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NY B86166

June 27, 1997

CLA-2-64:RR:NC:TA:346 B86166


TARIFF NO.: 6406.10.6000

Mr. Arthur Danforth
Hyde Athletic Industries, Inc.
POB 6046
Peabody, MA 01961

RE: The tariff classification of shoe uppers from China

Dear Mr. Danforth:

In your letter, dated June 2, 1997, you requested a tariff classification ruling. This follows up on your original request of April 2, 1997 and our rejection of same on May 1, 1997.

You have submitted samples of the Grid Jazz 2000-1 for Men, in size 9, and 1000-1 for Women, in size 7. You state that the percent of plastic on the External Surface Area of the Upper (ESAU) is 52.1 for the 2000-1 and 58.9 for the 1000-1. In the case of the 2000-1, you also included a copy of a Laboratory Report from Consumer Testing Laboratories, dated May 27, 1997. That report states its purpose is to determine the Exterior surface of the upper, but we assume External surface, the phrase used in the HTS, was actually meant.

You now state, "A black line has been drawn around the lower part of the upper, indicating where the lasting line will be when the uppers are lasted in our manufacturing process after importation." In your 4-2-97 letter you indicated that you based all your "measurements of the external surface of the uppers" on the area "above the lasting line." This is an error as a matter of law. In applying Note 4-a of Chapter 64 to uppers imported separately, we have not excluded the guesstimated size of the lasting allowance that will be present in the finished shoe, but have used the edge(s) of the piece(s) which will be the external upper as the starting line for the measurement. This is a quite obvious line in the most commonly imported uppers, string lasted ones, and is relatively clear in your samples. Therefore, the measurement of ESAU in these samples should have begun about a half inch further down than the line you have drawn, at the lower edge of the each of the pieces used in the ESAU measurement. Since almost all the material in the zone between your line and the edge of the pieces is plastic, the correct measurement of the ESAU is substantially higher for plastic than you stated.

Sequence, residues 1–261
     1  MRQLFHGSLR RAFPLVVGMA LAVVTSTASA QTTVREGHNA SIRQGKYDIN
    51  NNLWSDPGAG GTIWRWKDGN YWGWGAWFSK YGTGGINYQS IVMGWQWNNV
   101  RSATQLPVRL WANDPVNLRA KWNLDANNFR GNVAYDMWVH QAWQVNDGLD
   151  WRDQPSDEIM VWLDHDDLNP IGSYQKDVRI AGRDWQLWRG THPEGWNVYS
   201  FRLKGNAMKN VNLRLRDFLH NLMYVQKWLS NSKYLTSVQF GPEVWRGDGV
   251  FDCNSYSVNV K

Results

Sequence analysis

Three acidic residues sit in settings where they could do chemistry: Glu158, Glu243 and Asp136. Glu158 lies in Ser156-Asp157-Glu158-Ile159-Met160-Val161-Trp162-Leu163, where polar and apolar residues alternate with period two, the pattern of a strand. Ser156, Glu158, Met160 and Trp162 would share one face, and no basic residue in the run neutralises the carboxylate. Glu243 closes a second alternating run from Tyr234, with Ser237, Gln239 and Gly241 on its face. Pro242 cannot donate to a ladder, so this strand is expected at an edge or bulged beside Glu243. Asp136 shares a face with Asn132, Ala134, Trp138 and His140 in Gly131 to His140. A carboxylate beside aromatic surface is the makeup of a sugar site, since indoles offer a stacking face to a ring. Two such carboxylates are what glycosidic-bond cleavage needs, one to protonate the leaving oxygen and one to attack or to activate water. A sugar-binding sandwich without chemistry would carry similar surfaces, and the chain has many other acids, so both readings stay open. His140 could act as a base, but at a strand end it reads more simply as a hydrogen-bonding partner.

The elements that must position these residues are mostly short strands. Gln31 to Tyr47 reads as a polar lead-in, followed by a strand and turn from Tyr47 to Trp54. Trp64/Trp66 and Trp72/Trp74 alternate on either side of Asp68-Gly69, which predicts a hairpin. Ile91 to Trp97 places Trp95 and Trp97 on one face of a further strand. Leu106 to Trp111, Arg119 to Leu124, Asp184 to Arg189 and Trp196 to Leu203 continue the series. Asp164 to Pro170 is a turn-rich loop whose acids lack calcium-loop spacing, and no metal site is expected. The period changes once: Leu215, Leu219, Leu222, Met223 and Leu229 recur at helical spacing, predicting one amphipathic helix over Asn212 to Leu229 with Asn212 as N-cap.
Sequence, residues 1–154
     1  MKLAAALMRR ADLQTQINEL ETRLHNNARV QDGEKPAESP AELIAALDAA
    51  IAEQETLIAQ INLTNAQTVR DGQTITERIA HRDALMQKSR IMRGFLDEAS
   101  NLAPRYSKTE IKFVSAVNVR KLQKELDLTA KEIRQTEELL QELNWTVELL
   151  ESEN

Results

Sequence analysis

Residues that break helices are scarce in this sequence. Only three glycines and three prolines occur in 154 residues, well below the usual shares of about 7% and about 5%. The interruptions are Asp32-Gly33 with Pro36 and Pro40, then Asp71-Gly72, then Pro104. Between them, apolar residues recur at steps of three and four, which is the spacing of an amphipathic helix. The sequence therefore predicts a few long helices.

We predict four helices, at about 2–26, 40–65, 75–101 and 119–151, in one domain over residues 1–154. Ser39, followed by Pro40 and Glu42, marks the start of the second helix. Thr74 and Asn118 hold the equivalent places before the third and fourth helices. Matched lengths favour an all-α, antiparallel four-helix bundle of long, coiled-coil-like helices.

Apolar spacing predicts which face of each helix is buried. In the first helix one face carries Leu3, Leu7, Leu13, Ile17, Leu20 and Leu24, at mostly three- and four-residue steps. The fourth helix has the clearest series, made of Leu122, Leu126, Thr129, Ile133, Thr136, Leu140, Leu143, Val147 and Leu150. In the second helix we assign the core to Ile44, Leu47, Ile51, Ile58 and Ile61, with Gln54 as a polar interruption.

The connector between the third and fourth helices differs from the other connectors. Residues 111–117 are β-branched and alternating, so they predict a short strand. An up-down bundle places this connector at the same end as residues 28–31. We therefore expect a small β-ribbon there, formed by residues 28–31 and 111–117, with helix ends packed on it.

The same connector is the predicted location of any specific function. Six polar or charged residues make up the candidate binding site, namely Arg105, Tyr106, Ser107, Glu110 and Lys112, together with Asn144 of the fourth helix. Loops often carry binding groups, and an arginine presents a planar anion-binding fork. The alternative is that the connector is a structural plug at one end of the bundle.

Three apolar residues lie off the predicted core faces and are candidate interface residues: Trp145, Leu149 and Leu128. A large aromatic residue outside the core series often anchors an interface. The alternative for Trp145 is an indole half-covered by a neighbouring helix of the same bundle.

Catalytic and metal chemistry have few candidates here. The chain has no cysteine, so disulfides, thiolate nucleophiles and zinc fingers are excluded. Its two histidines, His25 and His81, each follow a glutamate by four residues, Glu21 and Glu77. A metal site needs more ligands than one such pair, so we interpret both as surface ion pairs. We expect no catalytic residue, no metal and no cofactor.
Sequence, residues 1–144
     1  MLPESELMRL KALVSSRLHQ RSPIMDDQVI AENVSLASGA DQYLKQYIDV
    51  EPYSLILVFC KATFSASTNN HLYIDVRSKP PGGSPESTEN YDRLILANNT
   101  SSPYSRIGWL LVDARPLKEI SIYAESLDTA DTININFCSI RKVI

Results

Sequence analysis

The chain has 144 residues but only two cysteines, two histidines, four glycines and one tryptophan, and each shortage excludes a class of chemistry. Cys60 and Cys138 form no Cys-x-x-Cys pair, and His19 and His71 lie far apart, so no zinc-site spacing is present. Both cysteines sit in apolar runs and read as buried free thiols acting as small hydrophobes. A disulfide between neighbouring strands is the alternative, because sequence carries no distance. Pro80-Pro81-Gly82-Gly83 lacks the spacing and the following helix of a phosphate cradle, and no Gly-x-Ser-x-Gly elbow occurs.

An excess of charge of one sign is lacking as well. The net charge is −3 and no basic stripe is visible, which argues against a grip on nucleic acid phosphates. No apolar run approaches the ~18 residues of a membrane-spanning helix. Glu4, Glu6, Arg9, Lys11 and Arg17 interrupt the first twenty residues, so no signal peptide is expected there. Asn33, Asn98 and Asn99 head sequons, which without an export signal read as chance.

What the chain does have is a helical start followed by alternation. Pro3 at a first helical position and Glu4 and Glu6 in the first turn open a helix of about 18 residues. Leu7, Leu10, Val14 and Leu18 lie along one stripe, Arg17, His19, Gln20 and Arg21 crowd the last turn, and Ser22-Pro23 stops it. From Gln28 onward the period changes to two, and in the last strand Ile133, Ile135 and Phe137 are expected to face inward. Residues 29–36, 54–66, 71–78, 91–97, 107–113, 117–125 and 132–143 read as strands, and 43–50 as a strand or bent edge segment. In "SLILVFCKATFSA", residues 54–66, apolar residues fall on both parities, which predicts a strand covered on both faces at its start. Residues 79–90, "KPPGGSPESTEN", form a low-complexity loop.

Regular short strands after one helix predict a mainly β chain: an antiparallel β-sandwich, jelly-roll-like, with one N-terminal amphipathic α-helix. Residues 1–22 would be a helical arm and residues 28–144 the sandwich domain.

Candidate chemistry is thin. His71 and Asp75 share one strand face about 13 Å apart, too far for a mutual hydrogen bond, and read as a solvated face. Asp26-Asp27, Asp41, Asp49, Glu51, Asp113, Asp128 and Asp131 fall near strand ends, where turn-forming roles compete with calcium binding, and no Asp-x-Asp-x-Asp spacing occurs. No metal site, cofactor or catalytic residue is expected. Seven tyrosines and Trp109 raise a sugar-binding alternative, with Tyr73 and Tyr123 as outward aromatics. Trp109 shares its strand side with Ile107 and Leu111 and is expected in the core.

To turn to another problem area in the ESAU measurement, we now believe that the large, plastic back piece, shaped approximately like a semi-circle of 2 inch radius, which you term the "upper foxing", is not an Accessory or Reinforcement (A-R). As stated in the rejection by NIS Sheridan on 5-1-97, we were then awaiting the HQ reply to Ruling Request 960019. In the interim, we have received it. HRL 960019, dated 4-10-97, did classify that fabric-leather bicycle shoe in Heading 6403, and it placed great emphasis on its interpretation of A-R to no longer include pieces that are "lasted under" since they apparently assume that implies a "structural" purpose for the piece. In fact, it does not discuss at all the A-R status of the pieces that were not lasted under in the sample. We believe it would thus be more appropriate to consider this "upper foxing" to not be A-R since it is stitched directly to a piece which has a large perimeter that will be lasted under and since the stitching which secures it to the base fabric upper is the only stitching that acts to join the lasted under piece to the upper for most of its length because the lasted under piece is not directly stitched to the fabric upper for the 5 inches in which the "upper foxing" is present. The "upper foxing" thus should be viewed as an adjunct to the lasted under piece and not A-R.